Sun | Dec 10, 2023

Jamaica passes 10th IMF test

Published:Wednesday | December 16, 2015 | 12:00 AM

The executive board of the International Monetary Fund (IMF) yesterday completed the 10th review of Jamaica's economic performance under the four-year programme, enabling an immediate purchase of an amount equivalent to SDR28.32 million (about US$39.3 million).

Following the board's discussion of the review, Min Zhu, IMF deputy managing director and acting chair, said "the authorities continue to have an impressive track record of strong programme implementation under the extended-fund facility".

He said macroeconomic stability continued to strengthen, vulner-abilities had reduced substantially, and structural reforms had progressed well.

Min Zhu said: "Jamaica has made important achievements under the economic programme. Inflation and the current-account deficit have fallen significantly, supported by low oil prices. Business confidence continues to be strong and private credit growth is showing signs of recovery, while public debt is falling."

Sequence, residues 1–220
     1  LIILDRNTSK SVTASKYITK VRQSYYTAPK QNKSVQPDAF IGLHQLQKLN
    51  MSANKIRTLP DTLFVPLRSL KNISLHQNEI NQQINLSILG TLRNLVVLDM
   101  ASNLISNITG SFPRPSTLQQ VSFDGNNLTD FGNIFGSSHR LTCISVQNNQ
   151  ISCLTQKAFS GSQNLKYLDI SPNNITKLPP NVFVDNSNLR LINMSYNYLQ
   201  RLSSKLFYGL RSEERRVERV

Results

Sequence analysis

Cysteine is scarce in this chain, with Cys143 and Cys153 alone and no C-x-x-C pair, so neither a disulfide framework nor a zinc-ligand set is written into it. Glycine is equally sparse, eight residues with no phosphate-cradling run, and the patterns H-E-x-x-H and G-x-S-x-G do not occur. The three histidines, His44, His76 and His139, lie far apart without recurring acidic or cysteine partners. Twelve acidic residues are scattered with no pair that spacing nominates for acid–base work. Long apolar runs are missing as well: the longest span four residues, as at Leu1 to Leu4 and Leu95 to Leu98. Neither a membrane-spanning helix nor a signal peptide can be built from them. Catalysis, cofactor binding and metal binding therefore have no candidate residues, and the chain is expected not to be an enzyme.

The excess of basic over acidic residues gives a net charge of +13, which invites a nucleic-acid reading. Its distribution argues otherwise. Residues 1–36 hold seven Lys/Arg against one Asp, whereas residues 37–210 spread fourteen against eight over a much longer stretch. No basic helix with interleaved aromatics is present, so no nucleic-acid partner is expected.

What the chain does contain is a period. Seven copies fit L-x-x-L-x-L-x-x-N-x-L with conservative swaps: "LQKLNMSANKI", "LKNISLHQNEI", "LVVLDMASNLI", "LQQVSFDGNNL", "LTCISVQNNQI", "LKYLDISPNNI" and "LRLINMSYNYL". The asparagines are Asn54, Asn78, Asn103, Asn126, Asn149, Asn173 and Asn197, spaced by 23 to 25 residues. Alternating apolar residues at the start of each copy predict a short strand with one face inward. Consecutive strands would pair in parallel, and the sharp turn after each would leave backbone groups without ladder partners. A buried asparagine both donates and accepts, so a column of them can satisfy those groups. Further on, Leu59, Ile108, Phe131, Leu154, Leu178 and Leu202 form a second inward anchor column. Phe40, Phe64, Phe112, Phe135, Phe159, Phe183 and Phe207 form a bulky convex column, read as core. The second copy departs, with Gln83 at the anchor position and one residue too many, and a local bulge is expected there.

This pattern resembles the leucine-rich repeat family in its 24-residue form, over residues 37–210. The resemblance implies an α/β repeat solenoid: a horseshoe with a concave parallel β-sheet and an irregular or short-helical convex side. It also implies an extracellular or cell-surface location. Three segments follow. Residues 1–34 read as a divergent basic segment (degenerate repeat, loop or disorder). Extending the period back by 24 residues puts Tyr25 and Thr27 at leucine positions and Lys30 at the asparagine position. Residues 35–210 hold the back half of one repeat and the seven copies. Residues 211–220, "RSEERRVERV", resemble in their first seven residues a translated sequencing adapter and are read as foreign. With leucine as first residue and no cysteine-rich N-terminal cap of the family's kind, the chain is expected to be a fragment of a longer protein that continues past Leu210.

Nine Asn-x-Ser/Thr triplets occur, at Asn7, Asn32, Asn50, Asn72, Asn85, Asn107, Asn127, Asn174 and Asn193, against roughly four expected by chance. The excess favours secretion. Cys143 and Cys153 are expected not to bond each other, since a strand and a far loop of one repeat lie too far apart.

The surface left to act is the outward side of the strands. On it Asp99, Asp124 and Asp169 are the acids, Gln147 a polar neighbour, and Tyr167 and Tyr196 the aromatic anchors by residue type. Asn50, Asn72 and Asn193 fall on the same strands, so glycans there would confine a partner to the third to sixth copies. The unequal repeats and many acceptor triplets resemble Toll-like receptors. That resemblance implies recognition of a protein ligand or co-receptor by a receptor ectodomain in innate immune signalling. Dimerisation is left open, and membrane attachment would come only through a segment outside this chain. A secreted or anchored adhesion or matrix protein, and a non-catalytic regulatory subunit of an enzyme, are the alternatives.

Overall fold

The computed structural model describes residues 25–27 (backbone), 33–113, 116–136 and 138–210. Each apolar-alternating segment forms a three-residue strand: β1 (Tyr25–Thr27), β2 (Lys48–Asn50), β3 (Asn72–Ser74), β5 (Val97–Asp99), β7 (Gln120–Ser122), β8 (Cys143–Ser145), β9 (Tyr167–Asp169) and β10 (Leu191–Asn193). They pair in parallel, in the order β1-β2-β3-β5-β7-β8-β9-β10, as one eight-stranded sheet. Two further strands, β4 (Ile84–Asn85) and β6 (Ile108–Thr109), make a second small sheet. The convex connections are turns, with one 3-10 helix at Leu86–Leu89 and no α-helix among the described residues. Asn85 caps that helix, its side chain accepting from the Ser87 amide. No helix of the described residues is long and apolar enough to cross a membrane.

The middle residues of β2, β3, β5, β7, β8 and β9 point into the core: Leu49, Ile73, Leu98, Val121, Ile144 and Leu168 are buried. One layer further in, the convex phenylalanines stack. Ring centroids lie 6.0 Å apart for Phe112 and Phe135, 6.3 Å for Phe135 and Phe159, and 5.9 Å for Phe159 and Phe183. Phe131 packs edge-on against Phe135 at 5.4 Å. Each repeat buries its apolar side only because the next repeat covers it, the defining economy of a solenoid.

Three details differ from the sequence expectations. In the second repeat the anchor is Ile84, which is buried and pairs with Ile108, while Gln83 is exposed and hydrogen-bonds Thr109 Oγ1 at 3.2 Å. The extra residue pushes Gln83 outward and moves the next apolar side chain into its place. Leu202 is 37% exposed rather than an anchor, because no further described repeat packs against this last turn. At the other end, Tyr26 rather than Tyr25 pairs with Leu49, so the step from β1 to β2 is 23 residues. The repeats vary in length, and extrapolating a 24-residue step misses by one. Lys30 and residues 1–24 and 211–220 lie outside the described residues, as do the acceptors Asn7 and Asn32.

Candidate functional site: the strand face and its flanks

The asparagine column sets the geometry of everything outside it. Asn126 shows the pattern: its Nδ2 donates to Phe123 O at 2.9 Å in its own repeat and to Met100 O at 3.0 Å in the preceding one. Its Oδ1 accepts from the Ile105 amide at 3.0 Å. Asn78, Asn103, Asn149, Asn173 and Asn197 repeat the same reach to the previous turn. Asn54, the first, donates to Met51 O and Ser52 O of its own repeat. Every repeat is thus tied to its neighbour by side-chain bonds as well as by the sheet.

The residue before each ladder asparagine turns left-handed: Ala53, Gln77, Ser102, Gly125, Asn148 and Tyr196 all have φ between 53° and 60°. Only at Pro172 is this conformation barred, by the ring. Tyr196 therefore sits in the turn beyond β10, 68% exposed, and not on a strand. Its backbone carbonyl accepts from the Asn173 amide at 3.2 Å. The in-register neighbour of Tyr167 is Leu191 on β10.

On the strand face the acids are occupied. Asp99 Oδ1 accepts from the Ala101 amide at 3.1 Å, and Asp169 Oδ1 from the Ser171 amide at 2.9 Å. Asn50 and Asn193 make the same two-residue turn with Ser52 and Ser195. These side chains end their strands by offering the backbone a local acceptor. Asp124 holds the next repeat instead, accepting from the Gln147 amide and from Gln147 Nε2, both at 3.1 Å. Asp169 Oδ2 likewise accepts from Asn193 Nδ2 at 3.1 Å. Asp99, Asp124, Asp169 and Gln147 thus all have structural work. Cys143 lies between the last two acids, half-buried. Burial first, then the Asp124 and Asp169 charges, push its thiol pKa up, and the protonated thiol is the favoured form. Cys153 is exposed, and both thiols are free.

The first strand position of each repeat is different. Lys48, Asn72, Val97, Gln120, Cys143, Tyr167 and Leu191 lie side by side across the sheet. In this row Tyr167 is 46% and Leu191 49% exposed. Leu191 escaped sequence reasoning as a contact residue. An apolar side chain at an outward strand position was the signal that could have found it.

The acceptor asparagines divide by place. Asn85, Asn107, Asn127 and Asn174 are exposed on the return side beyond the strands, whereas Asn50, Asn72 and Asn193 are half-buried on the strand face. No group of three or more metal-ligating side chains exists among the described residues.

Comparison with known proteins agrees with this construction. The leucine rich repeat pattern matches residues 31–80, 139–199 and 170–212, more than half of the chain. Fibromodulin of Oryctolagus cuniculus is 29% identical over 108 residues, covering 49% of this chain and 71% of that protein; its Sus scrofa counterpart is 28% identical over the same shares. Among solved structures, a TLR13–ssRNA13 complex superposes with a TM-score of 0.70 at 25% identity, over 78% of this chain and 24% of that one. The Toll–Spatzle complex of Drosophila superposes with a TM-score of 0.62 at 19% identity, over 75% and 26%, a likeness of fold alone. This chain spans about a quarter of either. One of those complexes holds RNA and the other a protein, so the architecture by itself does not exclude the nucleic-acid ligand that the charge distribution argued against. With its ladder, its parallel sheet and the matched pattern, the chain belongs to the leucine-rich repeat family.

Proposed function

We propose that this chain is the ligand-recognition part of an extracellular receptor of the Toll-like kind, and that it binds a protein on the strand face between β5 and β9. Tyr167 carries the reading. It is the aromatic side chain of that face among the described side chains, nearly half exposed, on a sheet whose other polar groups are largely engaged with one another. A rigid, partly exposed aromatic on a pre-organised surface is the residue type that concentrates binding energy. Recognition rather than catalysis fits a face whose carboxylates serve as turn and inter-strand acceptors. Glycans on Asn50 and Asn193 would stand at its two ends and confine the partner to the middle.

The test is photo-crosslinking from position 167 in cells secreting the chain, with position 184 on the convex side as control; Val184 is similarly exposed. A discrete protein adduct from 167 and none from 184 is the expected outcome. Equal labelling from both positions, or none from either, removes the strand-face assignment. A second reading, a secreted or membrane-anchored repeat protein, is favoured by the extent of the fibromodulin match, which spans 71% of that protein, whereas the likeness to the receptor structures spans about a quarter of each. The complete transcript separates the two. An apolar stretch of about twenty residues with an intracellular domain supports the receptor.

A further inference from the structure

However, he pointed out that overall growth remained weak, and unemployment, though declining, remained high.

Continued structural reforms should help boost investment and growth by sustainably reducing energy costs, improving financial access, and upgrading public infrastructure, Min Zhu said.

"With macroeconomic stability well established, the recalibration of fiscal and monetary targets should help support growth and job creation," added the IMF deputy managing director.


"The modest relaxation of fiscal policy is intended to increase growth-enhancing capital expenditures, while continuing to protect social spending. A looser monetary stance, with a faster pace of monetary growth to create more room for private-sector lending, will complement fiscal policy in supporting growth," he said.

Min Zhu noted that "fiscal sustainability requires continued reduction in the Government's wage bill and safeguarding revenues".

In that regard, he said: "Concrete efforts are needed to modernise the public sector and improve the efficiency of public services. It is also essential to strengthen fiscal revenues by improving Customs and tax administration, and broadening the tax base."